Take a tour
There are no tours of Megalochori village, but you can visit the Venetsanos Winery on the edge of the village as part of a half-day wine tour*.
The seaside town of Perissa sits on the southeast coast of Santorini and is one of the island’s top beach resorts. Don’t expect golden sands though – Santorini’s volcanic geology means that instead Perissa has black sand, which contrasts with its clear blue waters.
If you fancy a beach day, Perissa is a classic beach resort, with sunbeds and umbrellas for hire and watersports like jetskiing or parasailing. The beach is lined with tavernas where you can grab lunch or a drink, and there are more bars and restaurants in town.
From Perissa you can also visit the ruins of Ancient Thera. This archaeological site on the top of Mesa Vouno Mountain was an important city in the 9th century, with the remains of buildings from the Hellenistic, Roman and Byzantine periods. To reach Ancient Thera, follow the trail from the end of the beach, which takes around an hour.
Buses run from Fira’s bus station to Perissa, with both regular and faster express services. The journey takes around 20 minutes and costs €2.40 one way.
Take a tour
You can also visit Perissa as part of a full-day island highlights tour* which also visits Prophet Elias Monastery, Emporio, Pyrgos, the Wine Museum and Oia.
Santorini’s little sister, Thirassia (also known as Therasia) was created when the eruption of 1600 BC blew the centre out of the island. Thirassia is only a mile offshore from Santorini but it’s a real contrast, swapping the cosmopolitan bars, hotels and restaurants for a quieter, slower pace of life, with only around 300 full-time residents.
Steps from the port take you up to Thirassia’s main town, Manolas, which is built on top of the caldera. Its traditional Cycladic houses and peaceful streets feel like going back in time to what Santorini would have been like 50 years ago. There are a couple of cafés and tavernas where you can stop off for lunch with views across to Santorini.
You can also follow walking paths through the unspoilt volcanic landscape to the hilltop church of Profitis Ilias and explore traditional small villages – including Agrilia and Potamos which have cave houses and wine cellars built into the rocks.
You can reach Thirassia by ferry from the port of Ammoudi below Oia. The ferry takes around 10 minutes to reach Rivas, Thirassia’s new port. There are also larger car ferries running from Athinios, the main port in Santorini, a few times a week. Once on the island there’s a local minibus which runs to Manolas and the main villages.
Take a tour
There are also lots of boat tours to Thirassia, though most don’t actually give you time on the island, other than this full-day trip* which also includes Palea and Nea Kameni.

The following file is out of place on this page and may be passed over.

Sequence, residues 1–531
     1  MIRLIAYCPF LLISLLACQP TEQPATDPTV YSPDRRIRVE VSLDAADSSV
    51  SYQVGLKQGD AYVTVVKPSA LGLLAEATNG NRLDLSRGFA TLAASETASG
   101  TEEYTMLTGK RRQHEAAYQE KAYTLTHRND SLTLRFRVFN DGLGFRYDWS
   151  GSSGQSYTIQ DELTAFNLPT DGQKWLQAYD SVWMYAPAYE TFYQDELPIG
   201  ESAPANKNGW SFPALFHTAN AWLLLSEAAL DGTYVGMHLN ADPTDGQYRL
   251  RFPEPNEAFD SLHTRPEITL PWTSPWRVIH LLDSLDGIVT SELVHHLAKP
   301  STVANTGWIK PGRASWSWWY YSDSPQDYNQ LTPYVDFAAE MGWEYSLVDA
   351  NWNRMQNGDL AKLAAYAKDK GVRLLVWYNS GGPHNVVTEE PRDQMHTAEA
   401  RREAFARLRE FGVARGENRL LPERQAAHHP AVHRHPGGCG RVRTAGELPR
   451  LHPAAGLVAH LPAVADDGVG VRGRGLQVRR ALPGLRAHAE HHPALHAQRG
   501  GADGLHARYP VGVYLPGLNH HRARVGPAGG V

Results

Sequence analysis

7. Palea Kameni & Nea Kameni
Volcanic activity on Santorini also created the two islands of Palea Kameni and Nea Kameni, which you can see in the middle of the caldera. Their name translates as old and new burnt island, and it’s a pretty good description of their barren, lunar landscape with its black lava rocks and fumaroles emitting steaming gas, where almost nothing grows.
Palea Kamini was formed around 2000 years ago and is known for its hot springs. You can relax in the therapeutic mineral-rich waters, which are heated to 35°C and tinged a rusty yellow colour by high levels of sulphur, and cover yourself in mud.
Nea Kamini was formed more recently, with new lava flows adding to it right up until 1950 – making it one of the world’s youngest islands. This uninhabited island is a protected geological park, and you can still see signs of volcanic activity all around you. Take a 20-minute hike up to the crater and you can look down at the molten lava below.
Palea Kameni and Nea Kameni are only accessible by boat, so the only way to visit the islands independently would be to hire a boat and skipper to take you – it’s likely to be much more expensive than a tour though so only worth it for large groups.
Take a tour
There are several day trips from Santorini to Palea and Nea Kameni, often on board traditional wooden boats. This day tour* departs from Athinios Port and stops in Palea Kameni, Nea Kameni and Thirassia with an optional Oia add-on. Or you can take a sunset cruise* to the islands which also includes dinner and a glass of wine.
Another of the Cyclades group of islands, Ios is one of the closest to Santorini so it’s possible to visit for the day. Ios has a reputation as one of Greece’s top party islands, but if you steer clear of peak season in July and August things are a lot more relaxed.
The heart of Ios is the main town, known as Chora, set on a hilltop with a maze of narrow streets, bougainvillea-draped houses and sleepy cats. Ios has 365 churches – one for each day of the year – and if you climb to the highest point in Chora you’ll find four of them at the peak, with views down to the port and out over the Aegean.
Ios has some beautiful golden sand beaches, including Mylopotas Beach where you’ll find beach clubs, bars and restaurants. It’s also a hub for watersports, with paddleboards, kayaks and boats for hire so you can explore the coastline’s smaller coves.
Read more: Off-season in Ios, Greece: Visiting in spring and autumn
Several ferry* companies make the journey from Santorini’s Athinios port to Ios. The port is 8km south of Fira, with buses connecting to two which take around 20 minutes and cost €2.30 one way. From Athinios there are a mix of regular and high-speed ferries – the quickest taking 40 minutes. Sailings get very busy in summer so book in advance.
Once in Ios there’s a bus which connects the port to the main town Chora (which is up a steep hill) and Mylopotas Beach, which costs €1.80 one way.
Take a tour
There is a day trip from Santorini to Ios once a week, which includes transport to the island on a traditional Greek boat and a full day to explore independently. Or you could get the ferry to Ios then take a speedboat tour* which visits seven different beaches.
Thursday 16th of June 2022
Planning too visist Greece in October 2022., 10 day visit...any options for muslim travellers..... Especially eateries.... Thank you in advance
Friday 17th of June 2022
Hi Soraya, afraid I don't know about halal eateries in Santorini but fish and vegetarian dishes are widely available everywhere – you might want to check out Muslim Travel Girl or The Wandering Quinn who may have some more information.